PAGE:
Are Children of Moderately Low Birth Weight at Increased Risk for Poor Health?

A New Look at an Old Question

Recent research on health risks associated with low birth weight has focused on very low birth weight as opposed to moderately low birth weight (MLBW) children. This study asks whether MLBW children also experience ongoing vulnerability to poor health or whether their rates of morbidity are comparable to the rates for the general population.

The authors analyzed data on 7,817 children, aged 0 to 12 years, in a national multipurpose health survey conducted in 2002. For most of the included health measures the proportion in poor health was significantly greater in the MLBW group than in the normal birth weight (NBW) group, even after controlling for sociodemographic characteristics. Moderately low birth weight children were significantly more likely than normal birth weight children to be identified as having a special health care need, a chronic condition, a learning disability, attention-deficit disorder or attention-deficit/hyperactivity disorder. MLBW children were not significantly more likely than NBW children to have a hospitalization in the past year, other behavioral disorders, minor health conditions or acute illnesses.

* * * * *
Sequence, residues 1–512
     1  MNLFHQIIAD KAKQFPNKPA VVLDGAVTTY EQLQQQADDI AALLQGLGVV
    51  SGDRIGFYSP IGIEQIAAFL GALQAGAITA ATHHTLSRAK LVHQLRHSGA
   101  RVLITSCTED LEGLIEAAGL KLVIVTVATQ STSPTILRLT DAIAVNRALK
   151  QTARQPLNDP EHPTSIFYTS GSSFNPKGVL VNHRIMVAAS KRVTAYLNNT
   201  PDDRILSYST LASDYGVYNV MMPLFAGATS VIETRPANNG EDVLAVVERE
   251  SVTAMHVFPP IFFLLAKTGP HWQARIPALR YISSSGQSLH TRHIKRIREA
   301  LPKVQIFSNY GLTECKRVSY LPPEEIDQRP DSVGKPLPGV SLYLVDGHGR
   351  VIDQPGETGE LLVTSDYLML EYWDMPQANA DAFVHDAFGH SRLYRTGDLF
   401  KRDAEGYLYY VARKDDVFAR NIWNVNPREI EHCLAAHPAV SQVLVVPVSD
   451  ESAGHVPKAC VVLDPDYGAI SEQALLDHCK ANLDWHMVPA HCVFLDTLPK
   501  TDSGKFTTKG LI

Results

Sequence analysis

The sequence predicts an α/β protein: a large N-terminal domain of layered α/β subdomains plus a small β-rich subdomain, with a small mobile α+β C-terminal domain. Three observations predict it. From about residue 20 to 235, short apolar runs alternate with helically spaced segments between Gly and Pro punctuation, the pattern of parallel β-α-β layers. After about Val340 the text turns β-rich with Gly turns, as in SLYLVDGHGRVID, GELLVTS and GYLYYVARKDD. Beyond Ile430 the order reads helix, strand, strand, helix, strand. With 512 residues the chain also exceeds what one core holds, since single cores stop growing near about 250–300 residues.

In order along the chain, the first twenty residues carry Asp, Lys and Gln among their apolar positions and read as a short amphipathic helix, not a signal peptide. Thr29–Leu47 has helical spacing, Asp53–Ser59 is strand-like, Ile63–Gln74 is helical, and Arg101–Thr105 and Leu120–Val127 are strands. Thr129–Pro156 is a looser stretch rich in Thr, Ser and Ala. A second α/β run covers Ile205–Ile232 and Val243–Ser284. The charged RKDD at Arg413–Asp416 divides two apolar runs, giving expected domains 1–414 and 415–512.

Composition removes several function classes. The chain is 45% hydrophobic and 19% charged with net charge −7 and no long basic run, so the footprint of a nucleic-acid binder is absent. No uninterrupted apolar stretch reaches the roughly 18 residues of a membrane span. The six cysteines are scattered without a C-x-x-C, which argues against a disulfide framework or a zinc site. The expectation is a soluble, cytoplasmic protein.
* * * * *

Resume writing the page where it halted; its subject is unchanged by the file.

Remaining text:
The authors emphasize the need for heightened vigilance in monitoring and intervening with MLBW children. They suggest that more research is needed regarding subgroups of MLBW children, when different kinds of health problems can be recognized, and additional treatments and interventions for these infants.

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